Hungry Over Pudu – Yap Hup Kee YTF, Typica Cafe & 168 Wantan MeeSeptember 11, 2013 | 6,540 views
Seems like a solid breakfast plan huh? Yap Hup Kee @ Pudu.
On most weekends, breakfast plans would have been made but shattered at the very last minute. I guess it goes without saying that I am not much of a morning person though. I still remember the intense passion in the plans whenever Saturday evening came, and somehow ended up with meticulously/elaborately drafted outings.
Then the alarm clock rang on the wee hours of Sunday morning, and there I was … routinely ended up snuggling and rolling until the sun hits the back. That’s Motormouth for you.
But Pudu being an area packed with gems (not germs, please) coupled with the high level of cravings for a good plate of Chee Cheong Fun of late, I dragged this heavy carcass out of bed early in the morning and ventured over to territory almost-unknown.
And here’s the story on how we ended up with a mini food hunt; from Yong Tau Foo and Chee Cheong Fun to Gourmet Coffee and Wantan Mee ….
Tucked in the middle of a labyrinth of dilapidated shops and funky coloured facades, is Yap Hup Kee Restaurant; specializing in Hakka Yong Tau Foo and Chee Cheong Fun.
You can either savour their Chee Cheong Fun (CCF for short) lightly tossed in soy sauce and shallot oil; then topped with their signature dried shrimps, OR you can go wild with their curry sauce (pretty intense, robust but not spicy).
A plate of sins that you should not refrain yourself from committing. Especially the crazily good fried pig’s intestines prior coated in a sweetish marinade, of almost caramel-like nature.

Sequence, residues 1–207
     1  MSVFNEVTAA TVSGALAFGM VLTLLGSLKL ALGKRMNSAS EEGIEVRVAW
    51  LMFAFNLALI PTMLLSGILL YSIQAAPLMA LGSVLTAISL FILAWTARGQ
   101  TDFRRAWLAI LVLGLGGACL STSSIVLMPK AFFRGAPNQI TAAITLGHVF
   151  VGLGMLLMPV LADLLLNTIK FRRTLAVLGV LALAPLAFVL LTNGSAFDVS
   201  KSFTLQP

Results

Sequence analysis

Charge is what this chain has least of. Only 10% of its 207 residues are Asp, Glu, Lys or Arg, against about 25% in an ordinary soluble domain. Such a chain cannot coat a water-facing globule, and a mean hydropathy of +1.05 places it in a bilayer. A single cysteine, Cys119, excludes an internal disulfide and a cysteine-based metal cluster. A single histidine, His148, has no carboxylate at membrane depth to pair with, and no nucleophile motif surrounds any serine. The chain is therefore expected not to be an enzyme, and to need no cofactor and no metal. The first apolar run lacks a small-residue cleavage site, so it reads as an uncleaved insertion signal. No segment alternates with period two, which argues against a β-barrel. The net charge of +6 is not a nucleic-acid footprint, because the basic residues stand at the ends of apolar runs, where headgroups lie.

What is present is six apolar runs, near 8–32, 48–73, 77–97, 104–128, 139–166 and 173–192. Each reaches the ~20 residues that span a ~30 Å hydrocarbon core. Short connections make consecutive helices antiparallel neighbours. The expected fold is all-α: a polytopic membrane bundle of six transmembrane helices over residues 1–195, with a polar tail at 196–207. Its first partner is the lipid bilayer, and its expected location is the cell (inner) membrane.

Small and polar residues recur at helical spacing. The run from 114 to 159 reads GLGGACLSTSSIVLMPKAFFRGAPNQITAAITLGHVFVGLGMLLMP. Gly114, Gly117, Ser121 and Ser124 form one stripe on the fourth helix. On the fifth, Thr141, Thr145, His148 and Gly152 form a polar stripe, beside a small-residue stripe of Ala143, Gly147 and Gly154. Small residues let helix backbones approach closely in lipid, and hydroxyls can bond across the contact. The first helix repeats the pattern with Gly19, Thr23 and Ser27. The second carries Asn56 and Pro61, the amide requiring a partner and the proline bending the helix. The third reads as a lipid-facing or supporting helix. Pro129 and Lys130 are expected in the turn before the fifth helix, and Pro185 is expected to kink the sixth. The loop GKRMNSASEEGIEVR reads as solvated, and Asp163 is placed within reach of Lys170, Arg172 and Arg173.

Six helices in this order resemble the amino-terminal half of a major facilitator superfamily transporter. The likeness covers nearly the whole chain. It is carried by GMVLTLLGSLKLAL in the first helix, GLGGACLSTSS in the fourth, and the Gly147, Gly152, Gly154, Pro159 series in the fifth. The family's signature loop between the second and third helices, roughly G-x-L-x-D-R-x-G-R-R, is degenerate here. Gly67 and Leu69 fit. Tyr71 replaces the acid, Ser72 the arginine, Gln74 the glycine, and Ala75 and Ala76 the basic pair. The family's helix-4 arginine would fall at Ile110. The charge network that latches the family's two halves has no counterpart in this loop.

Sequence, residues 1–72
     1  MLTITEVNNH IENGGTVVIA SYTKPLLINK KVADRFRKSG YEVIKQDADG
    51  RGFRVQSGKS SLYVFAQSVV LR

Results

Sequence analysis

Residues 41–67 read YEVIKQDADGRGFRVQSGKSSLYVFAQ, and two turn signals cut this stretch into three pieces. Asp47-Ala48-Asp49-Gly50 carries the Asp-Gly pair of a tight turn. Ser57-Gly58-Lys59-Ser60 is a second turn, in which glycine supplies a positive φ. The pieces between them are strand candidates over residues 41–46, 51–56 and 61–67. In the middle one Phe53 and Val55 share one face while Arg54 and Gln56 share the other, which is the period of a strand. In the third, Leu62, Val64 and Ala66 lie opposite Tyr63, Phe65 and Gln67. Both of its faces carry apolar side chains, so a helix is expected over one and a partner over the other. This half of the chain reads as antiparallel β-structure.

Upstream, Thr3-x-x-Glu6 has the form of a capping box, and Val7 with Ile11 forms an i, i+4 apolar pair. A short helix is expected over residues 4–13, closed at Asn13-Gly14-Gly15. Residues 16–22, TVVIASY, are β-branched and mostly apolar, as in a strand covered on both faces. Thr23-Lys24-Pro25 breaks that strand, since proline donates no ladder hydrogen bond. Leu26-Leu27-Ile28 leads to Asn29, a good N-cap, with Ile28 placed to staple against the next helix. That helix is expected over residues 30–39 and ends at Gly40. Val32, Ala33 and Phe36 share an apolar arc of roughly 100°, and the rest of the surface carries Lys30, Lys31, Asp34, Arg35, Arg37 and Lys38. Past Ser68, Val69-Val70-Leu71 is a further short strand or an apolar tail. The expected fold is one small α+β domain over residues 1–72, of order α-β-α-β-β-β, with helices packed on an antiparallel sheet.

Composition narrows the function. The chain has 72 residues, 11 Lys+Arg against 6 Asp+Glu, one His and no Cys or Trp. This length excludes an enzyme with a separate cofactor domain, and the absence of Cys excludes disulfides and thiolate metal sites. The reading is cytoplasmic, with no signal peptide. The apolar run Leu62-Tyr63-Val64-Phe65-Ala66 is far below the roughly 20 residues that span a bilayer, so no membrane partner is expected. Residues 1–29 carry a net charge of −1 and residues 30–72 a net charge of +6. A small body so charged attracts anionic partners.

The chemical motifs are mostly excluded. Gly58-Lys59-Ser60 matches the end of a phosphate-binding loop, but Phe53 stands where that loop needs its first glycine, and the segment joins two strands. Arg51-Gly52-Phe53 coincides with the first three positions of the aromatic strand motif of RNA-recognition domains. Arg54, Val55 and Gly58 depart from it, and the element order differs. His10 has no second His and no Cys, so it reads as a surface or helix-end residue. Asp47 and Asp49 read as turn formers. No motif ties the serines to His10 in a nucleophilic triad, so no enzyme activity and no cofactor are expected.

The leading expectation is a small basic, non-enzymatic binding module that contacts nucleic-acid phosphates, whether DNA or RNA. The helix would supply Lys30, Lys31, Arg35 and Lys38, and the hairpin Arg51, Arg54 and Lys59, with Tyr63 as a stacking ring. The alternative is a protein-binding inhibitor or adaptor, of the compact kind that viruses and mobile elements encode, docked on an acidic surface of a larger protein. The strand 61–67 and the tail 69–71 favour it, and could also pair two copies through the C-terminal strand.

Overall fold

Being one of the few outlets in Klang Valley that really serve their CCF and Yong Tau Foo well, I salute their presence. And darn grateful for finally there’s a place that serves worthy CCF. Not as excellent as say, the brand-less stall in the compound of house in Pasir Pinji of Ipoh in terms of freshness and silky smooth texture of the rice noodles, but certainly one of the best in KL. Annie1 in Damansara Uptown comes close, especially with their mushroom and minced pork sauce, but Yap Hup Kee’s secret (or maybe not) ingredient in their arsenal is the handful of crunchy dried shrimps atop the rice noodles.
As far as the Yong Tau Foo (YTF) was concerned, very commendable; with real good quality stuffings made of fish and pork paste. Nothing that strayed beyond the realm of above average, though extra compliments go to the crispy deep fried stuff, as I am a sucker for anything deep fried, greasy and dipped into garlic chili sauce. Oh .. and the rather squeamish looking fried pig’s intestines, but one bite and you’d be hooked. A cross between crunchy, firm, chewy and sweet, the offal tasted nothing offensive and you’d be hard-pressed to stop popping after one piece.
The meal came to RM25.60/USD8 for two pax.
A relatively small, half a lot size cafe located at Shaw Parade is Typica Cafe; you can read about their story HERE but everything’s in Chinese.
Almost within a stone’s throw away is Shaw Parade, the mall that never was. Still drawing in niche crowds of travellers itching to book their next tour, Chinese medicines believers gathering their herbs and tonics, and hungry ones dining at Purple Cane Tea House Restaurant. Typica was established 4 years ago, with a firm stand on sustainability (removing the middlemen fiasco for locally sourced beans) and handcrafted brew (syphon or filtered) that gives every serving its distinctive style.
The cafe was too cozy (read : cramped) for a large, rambunctious crowd but would be perfect for two. The natural sunlight streaming in from the large windows helped in creating a surreal atmosphere of hanging out at an old cafe, serenaded by details of how their coffee stories came about.